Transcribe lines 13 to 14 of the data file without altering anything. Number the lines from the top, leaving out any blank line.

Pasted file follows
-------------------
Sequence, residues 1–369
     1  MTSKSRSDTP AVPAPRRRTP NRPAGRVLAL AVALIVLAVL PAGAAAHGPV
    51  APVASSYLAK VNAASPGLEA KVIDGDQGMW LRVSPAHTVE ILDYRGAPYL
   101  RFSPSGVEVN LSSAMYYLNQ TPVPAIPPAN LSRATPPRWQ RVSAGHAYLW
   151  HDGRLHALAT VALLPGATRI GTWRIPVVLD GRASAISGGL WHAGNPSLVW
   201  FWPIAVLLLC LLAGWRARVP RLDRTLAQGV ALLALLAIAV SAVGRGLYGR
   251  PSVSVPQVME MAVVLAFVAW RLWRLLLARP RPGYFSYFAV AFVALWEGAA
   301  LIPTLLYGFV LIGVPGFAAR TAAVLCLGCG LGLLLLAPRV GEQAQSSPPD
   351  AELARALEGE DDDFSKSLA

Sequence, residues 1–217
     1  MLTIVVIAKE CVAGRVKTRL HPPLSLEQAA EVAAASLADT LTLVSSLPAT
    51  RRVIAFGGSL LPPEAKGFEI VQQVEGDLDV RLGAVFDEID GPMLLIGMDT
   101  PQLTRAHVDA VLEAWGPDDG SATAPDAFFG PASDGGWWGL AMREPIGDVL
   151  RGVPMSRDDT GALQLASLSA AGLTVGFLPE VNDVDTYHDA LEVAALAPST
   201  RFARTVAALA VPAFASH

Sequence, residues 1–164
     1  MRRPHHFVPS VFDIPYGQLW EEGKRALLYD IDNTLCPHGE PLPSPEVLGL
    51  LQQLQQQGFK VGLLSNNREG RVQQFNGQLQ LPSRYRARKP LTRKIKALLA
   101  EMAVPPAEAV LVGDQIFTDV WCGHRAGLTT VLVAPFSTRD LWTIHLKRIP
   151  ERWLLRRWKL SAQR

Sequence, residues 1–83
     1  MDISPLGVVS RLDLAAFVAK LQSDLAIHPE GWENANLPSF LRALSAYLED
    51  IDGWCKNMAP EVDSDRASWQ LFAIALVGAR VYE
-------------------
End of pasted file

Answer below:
   101  PQLTRAHVDA VLEAWGPDDG SATAPDAFFG PASDGGWWGL AMREPIGDVL
   151  RGVPMSRDDT GALQLASLSA AGLTVGFLPE VNDVDTYHDA LEVAALAPST